SnapChat shines the best when brands advertise with influencers. Usually, a brand sponsors an influencer with product placement or any endorsement, leveraging their community. But SnapChat has more to offer with SnapChat Takeovers. In this, a highly respected SnapChat influencer with a huge community base, takes over a brands SnapChat account to do, well, like anything. The Takeover lasts a couple of hours or even a day. The influencer encourages their user base to follow the Takeover and get to know more about the brand.

The most important metrics to measure performance

SnapChat became popular due to its privacy features. Because of the nature of this feature, the measurement is challenging to say at least. It is hard to measure something that encourages the secrecy of the users. However, there are some key insights you can get directly from the SnapChat platform.

First, you want to know how many users viewed your snaps. That is the most important metric for you, though it is pretty straight-forward and baseline. You will know pretty much strictly the exact number of users you reach with your snaps. You will also know how many users watched the full story of your SnapChat Stories.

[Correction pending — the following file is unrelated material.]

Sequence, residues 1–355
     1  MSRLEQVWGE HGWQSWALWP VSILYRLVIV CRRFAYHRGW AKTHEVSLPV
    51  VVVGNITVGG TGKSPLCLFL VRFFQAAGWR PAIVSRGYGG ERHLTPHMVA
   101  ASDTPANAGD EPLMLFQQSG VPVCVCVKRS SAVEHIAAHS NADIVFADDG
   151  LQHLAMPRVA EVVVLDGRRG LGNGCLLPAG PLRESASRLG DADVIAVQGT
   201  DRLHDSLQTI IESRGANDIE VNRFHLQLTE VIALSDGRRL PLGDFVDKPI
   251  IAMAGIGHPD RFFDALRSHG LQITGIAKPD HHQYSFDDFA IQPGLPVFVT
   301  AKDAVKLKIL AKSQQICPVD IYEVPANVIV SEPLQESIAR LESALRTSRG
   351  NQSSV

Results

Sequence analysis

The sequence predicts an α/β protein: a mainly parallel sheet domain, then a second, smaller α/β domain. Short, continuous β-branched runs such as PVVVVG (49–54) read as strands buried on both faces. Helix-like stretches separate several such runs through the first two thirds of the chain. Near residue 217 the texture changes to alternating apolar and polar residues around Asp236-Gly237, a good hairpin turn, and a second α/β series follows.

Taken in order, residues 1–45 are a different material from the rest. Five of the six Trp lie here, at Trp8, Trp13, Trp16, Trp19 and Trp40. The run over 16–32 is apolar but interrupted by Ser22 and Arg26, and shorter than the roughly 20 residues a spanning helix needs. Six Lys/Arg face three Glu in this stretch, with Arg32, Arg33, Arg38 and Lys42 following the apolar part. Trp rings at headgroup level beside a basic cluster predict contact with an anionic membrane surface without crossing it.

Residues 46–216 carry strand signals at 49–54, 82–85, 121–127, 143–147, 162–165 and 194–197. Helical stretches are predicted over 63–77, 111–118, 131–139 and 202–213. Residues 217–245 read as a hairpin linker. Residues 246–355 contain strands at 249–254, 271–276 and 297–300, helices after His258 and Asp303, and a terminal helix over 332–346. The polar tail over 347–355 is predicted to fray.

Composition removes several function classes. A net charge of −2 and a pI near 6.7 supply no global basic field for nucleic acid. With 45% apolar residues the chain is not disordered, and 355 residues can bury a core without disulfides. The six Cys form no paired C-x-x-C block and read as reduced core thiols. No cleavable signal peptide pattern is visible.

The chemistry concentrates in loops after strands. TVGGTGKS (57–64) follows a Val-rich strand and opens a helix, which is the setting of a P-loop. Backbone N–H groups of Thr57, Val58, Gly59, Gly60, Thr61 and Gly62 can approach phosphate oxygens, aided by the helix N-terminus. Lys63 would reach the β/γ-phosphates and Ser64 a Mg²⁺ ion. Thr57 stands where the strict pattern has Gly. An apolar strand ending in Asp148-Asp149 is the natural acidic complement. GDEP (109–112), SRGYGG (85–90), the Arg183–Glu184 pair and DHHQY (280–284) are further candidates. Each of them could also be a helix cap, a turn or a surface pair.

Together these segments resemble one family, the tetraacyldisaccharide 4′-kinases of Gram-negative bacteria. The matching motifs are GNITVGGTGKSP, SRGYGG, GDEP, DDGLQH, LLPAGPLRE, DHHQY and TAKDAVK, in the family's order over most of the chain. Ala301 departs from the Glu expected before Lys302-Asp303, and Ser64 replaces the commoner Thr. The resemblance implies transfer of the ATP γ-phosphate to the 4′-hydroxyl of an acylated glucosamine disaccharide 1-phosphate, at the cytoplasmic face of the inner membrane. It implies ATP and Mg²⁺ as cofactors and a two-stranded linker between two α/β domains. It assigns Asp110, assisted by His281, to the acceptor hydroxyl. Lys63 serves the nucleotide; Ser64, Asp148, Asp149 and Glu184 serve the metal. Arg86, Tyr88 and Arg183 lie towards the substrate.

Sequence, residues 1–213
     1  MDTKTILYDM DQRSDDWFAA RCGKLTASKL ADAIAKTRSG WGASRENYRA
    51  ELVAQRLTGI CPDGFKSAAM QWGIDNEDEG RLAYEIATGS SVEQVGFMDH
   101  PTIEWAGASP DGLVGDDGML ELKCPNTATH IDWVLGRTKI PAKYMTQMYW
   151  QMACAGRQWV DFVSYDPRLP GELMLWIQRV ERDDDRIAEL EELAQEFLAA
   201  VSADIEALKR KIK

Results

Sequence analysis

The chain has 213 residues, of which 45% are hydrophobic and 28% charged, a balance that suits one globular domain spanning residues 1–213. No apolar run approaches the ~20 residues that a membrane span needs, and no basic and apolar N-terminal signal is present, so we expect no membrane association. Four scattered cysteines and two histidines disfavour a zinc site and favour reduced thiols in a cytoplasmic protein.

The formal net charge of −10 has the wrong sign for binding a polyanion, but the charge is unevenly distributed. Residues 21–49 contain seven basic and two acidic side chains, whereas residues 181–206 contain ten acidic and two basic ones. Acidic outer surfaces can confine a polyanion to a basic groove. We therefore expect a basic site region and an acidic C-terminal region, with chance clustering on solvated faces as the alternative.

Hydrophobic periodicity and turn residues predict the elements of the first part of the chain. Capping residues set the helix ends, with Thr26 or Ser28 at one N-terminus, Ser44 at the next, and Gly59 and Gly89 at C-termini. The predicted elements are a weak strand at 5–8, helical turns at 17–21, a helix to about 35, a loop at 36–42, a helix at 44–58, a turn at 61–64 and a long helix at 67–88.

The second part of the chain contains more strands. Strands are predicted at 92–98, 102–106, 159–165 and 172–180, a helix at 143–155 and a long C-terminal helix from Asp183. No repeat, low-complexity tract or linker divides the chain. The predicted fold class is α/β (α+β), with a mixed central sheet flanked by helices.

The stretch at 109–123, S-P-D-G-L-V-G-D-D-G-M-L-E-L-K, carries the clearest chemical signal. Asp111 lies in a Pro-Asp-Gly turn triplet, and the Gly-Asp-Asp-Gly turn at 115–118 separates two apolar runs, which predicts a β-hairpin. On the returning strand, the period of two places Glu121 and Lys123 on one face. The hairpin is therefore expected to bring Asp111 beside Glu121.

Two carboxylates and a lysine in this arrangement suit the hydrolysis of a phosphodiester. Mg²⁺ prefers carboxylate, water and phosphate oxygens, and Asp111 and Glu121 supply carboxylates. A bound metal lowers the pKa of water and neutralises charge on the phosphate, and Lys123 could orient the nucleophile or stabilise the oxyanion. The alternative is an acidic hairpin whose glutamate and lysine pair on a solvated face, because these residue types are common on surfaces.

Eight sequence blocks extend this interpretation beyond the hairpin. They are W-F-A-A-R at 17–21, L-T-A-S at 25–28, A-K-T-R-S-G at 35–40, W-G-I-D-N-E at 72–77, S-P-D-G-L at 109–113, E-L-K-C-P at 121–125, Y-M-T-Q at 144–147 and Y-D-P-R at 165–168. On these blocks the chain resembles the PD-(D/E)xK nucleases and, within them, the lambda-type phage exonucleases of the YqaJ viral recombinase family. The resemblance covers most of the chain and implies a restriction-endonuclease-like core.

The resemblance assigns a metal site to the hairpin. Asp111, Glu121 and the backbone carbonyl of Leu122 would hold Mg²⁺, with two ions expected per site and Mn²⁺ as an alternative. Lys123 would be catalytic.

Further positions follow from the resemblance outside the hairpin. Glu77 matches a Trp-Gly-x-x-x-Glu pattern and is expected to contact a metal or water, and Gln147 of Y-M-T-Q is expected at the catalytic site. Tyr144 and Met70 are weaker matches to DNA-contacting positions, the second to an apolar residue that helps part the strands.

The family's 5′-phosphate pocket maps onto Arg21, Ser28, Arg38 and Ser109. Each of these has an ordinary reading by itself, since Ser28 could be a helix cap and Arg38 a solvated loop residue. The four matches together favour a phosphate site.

Second, you want to know how loyal your followers and how engaging the content you create. SnapChat has limited options to measure direct engagements but taking a screenshot of a snap is a good indicator as a user will download your snap for reuse.

SnapChat is the fastest growing social network

SnapChat will be the fastest growing social network in 2017 and will play a significant role in the social media marketing ecosystem. With this tremendous growth, SnapChat will also evolve. Now, it is a playful platform that everyone should try and experiment with, but in time, it will become an entirely professional network that can be used by any businesses. This will also come with extensive metrics and analytics systems.